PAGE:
The Wyoming State Legislature is in session, as Republicans and Democrats have different visions to address the challenges ahead.
Wyoming Republicans have a supermajority at the statehouse and carry a lot of influence to carry out its vision.
The Wyoming budget remains a large concern among Wyomingites. In November 2020, Governor Mark Gordon announced a $500 Million supplemental budget cut, based on the 2019 budget, but the state still has a $300 million shortfall, stemming from the cost of funding K-12 education. If the state doesn't make adjustments to education funding, the shortfall can be as much a $600 million in two years.
Mineral royalties have gone down, and Gordon inherited a $3.3 billion budget, and his proposed budget is $2.4 billion.
The state is covering the shortfall with its rainy-day fund, which has about $1.5 billion available.
The state took action and cut 10% to reduce the shortfall to $400 million. The legislature created mechanisms that provide funding outside of the rainy-day fund.
Faced with the shortfall, Gordon has looked at smart and sensible cuts at the Department of Family Services, Health, and the Department of Corrections but still maintain services. The Department of Health took $135 million of cuts.
Gordon did not cut as deeply in law enforcement and public safety, the Attorney General, Public Defender, and the two District Attorneys. Both offices are looking at prosecuting fewer misdemeanors.
The state reduced 62 filled and 44 vacant positions. Gordon said there were 21 reductions in force in the last budget round, and 253 vacant unfunded positions were eliminated.
The state budget laid off 10 % of its education force voluntarily, which Gordon appreciated. The total average budget cut across all agencies is about 15%.
Gordon feels that if the state doesn't improve its revenue, the cuts will be permanent.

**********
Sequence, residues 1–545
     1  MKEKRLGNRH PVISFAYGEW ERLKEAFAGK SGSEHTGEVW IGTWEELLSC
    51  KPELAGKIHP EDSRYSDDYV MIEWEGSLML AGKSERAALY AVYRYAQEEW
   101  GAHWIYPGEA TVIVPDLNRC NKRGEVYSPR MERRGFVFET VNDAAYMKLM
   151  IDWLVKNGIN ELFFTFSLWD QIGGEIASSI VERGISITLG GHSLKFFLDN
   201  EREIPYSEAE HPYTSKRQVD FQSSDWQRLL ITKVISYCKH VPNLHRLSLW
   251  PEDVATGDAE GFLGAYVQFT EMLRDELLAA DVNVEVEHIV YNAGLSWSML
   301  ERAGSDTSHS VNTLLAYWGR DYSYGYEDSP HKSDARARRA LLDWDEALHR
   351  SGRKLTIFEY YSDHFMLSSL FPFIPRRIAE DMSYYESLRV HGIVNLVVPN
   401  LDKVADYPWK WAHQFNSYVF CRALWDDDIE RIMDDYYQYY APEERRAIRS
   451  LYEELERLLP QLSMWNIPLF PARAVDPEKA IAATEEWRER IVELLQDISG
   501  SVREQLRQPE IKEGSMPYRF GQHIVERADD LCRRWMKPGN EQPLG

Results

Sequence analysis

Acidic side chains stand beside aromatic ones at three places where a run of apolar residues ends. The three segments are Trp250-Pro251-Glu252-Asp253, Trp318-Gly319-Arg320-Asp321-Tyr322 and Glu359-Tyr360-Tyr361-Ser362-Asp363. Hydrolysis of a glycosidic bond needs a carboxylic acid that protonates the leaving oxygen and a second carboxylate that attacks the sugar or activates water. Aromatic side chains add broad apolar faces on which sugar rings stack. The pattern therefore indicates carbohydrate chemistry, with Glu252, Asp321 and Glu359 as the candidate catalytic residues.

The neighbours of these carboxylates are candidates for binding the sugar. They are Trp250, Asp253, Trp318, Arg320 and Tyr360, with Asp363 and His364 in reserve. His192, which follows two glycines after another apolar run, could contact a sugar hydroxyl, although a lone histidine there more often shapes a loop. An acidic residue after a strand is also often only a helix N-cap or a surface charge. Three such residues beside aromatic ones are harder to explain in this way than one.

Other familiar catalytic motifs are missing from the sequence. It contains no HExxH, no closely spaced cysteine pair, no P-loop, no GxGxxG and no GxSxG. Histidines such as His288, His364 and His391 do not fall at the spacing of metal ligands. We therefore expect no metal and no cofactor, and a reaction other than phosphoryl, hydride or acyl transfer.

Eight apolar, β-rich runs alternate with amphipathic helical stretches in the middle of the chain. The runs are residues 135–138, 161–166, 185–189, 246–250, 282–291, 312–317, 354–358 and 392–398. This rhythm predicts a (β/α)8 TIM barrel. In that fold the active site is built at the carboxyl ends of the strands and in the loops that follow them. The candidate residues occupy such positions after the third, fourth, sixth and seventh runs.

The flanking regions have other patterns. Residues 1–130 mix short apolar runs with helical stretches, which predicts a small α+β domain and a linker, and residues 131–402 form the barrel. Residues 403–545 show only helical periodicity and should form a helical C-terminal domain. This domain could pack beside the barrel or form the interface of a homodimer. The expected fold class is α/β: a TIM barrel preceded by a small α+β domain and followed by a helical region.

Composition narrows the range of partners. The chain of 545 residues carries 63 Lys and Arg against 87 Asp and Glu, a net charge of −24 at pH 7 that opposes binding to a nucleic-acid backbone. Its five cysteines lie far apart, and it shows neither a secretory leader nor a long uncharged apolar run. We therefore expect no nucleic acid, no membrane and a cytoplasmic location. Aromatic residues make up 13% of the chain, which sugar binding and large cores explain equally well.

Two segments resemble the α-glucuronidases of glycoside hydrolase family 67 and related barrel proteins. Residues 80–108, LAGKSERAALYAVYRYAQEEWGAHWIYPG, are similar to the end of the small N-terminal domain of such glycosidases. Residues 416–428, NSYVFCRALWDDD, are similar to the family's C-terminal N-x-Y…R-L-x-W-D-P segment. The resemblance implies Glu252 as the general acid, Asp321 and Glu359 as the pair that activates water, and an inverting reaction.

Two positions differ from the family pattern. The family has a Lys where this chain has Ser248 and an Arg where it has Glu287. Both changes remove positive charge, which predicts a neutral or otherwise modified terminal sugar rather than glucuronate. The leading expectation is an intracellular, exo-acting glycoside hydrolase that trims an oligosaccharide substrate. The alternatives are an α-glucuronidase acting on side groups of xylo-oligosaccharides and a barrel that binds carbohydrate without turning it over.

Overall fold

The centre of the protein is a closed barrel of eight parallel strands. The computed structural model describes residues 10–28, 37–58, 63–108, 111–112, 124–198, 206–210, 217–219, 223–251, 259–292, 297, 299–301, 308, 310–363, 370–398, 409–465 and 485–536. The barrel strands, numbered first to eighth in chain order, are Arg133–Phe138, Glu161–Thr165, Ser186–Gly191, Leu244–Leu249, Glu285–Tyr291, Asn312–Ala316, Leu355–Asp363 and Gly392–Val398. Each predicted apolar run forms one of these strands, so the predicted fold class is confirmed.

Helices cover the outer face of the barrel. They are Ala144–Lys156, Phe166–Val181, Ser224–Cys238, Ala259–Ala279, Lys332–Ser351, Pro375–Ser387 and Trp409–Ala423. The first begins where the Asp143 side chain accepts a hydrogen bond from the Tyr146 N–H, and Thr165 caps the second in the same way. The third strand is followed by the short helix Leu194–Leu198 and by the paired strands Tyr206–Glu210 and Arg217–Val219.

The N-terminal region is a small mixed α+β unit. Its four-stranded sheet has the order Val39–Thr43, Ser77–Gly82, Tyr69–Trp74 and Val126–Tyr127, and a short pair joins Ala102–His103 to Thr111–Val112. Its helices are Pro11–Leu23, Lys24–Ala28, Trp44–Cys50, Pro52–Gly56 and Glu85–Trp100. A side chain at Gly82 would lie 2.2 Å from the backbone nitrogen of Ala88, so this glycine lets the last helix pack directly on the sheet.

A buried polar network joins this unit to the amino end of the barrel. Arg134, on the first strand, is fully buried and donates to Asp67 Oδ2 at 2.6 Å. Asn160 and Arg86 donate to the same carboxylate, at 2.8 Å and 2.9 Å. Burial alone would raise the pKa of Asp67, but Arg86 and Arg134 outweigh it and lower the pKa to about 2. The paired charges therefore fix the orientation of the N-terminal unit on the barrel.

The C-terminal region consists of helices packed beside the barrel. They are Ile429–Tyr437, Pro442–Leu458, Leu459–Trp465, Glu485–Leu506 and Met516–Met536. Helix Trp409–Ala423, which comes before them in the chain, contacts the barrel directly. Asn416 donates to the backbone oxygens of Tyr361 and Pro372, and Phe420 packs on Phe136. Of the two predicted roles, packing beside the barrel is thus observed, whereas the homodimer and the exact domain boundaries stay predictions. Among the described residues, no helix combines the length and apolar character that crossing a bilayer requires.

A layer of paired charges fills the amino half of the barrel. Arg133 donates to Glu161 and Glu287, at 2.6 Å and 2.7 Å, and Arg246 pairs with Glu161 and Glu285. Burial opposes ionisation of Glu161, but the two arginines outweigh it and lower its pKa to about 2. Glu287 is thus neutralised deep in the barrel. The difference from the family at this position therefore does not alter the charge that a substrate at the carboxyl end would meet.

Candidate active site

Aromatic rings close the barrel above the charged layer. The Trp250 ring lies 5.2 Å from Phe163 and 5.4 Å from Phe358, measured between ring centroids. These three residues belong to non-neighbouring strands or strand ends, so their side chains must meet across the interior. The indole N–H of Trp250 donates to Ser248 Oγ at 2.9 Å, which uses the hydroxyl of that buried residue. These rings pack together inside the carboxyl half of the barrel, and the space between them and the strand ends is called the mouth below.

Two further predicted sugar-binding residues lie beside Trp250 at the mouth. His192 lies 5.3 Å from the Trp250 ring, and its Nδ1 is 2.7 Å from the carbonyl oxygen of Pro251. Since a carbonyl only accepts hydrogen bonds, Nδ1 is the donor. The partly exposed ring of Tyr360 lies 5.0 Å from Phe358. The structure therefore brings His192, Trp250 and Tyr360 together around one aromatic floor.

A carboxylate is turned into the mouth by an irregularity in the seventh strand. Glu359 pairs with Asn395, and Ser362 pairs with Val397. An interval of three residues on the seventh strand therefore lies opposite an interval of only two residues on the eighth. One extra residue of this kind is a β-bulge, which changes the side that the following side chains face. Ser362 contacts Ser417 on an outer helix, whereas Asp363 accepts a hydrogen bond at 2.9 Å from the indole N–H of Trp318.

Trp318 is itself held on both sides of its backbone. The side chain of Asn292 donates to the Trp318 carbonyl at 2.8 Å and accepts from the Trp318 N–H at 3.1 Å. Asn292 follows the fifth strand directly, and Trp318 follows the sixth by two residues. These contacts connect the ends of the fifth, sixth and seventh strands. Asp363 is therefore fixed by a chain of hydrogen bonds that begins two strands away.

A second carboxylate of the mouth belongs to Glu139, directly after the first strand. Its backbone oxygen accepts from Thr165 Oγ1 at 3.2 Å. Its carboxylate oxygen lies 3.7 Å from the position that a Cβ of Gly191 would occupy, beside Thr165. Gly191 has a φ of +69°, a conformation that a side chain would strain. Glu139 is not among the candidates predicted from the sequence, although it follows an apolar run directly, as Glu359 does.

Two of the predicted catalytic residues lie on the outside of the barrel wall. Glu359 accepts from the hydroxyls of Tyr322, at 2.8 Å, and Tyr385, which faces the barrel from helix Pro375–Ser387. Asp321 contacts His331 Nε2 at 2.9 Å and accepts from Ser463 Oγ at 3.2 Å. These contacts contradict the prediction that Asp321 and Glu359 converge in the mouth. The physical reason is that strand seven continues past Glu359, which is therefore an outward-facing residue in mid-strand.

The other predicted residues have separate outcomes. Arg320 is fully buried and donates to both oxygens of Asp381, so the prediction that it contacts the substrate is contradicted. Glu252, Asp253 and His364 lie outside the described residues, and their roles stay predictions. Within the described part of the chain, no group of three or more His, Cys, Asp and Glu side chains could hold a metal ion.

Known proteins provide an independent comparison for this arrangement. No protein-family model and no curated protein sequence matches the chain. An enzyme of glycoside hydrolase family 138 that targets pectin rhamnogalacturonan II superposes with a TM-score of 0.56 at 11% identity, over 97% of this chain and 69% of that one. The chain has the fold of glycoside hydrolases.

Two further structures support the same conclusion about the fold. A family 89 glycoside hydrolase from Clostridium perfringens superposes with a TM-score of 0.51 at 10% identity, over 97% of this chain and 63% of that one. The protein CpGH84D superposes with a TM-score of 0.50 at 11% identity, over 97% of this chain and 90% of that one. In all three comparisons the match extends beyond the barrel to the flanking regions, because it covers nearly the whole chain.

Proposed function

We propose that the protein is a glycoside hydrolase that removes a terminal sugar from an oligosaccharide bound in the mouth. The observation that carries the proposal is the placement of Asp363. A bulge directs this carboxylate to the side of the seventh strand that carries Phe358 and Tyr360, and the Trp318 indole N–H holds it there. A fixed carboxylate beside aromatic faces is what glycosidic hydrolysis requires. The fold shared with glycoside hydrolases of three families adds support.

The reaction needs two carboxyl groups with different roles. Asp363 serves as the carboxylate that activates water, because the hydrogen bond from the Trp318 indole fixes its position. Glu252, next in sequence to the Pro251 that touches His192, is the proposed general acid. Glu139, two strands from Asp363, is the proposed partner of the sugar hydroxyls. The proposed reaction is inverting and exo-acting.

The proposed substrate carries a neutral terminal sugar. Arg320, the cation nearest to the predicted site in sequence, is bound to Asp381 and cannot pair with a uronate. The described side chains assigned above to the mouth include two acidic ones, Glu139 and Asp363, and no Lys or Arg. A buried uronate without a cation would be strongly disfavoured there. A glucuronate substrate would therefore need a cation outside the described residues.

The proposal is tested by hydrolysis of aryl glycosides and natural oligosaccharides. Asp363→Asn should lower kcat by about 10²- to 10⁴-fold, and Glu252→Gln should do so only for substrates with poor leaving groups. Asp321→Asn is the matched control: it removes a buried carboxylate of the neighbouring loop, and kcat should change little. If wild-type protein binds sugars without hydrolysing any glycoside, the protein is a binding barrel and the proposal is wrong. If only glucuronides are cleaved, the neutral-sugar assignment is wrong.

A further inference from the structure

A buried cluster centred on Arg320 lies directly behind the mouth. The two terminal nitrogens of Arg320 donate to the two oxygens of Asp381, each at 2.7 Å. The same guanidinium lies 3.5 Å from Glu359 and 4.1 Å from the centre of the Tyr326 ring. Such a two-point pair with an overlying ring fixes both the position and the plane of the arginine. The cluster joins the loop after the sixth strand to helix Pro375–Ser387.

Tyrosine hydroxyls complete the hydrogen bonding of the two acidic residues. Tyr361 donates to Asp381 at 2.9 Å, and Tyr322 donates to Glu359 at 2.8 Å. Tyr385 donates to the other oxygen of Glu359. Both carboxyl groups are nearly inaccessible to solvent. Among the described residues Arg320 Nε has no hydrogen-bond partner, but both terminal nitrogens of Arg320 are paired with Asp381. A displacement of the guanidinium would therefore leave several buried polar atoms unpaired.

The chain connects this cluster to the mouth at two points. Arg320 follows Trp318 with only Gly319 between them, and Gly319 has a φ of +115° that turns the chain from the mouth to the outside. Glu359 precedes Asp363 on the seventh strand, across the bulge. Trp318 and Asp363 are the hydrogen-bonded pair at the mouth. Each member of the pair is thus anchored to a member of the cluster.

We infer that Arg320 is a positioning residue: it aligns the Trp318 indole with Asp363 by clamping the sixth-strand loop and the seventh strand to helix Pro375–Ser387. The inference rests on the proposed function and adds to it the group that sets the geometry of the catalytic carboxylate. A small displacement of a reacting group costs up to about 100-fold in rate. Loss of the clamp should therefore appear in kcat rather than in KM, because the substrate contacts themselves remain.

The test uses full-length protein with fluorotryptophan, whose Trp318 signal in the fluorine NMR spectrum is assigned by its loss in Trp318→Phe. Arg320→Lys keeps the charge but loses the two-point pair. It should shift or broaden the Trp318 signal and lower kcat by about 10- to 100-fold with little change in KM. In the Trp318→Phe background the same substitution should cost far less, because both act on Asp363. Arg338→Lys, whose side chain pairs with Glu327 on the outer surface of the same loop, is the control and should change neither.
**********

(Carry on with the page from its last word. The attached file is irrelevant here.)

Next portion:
One discussed solution is a graduated income tax on individuals, but people making less than $50,000 a year would not be hurt, and the tax will affect the state's wealthiest people. This would add up to $200 million to the state budget every two years.
Wyoming Democrats favor progressive taxation and establishing a progressive income tax in Wyoming to reduce the state's dependence on mineral severance funds. Investment income should not be taxed lower than wages earned by workers.
They support legalizing marijuana as an economic state revenue source, with its tax dollars used for infrastructure that supports clean water and air, education, prison reform, and 21st-century transportation technologies.
In its 2021 platform statement, Republicans believe the Creator endows all individuals from conception until natural death with rights to life, liberty, property, and the pursuit of happiness. The only purpose of government is to protect these rights. Every citizen is equal before, protected by, and subject to, the law.
The Wyoming Republican Party believes that marriage is the union of one man and one woman.
"Based on the foundation of marriage between one man and one woman, the traditional family is the best institution and authority to provide children with education and training to develop their potential and prepare them to participate in society and government."
Wyoming Democrats embrace the concept that "all humans are equal and oppose discrimination and racism in any form and demand equal access to justice, protection under state statutes, services, resources, and economic opportunities for every person in the country. They support equal protection to LGBTQIA+ people, access to quality health care and education, accommodations, employment, housing, and marriage equality. Democrats support freedom of religion and an individual's right to worship or not worship as they see fit and the rights of people with disabilities and promote accessibility to all public spaces, living wages, civil rights, and Wyomingites reproductive rights."
Wyoming Republicans believe in the second amendment, and individuals have the right to keep and bear arms and ammunition. That right should not be infringed, restricted, or denied. Individuals must never be prevented from defending life, liberty, or property.
Twelve Wyoming Republicans introduced House Bill 118, the Second Amendment Preservation Act, which allows Wyomingites the right to keep and bear arms.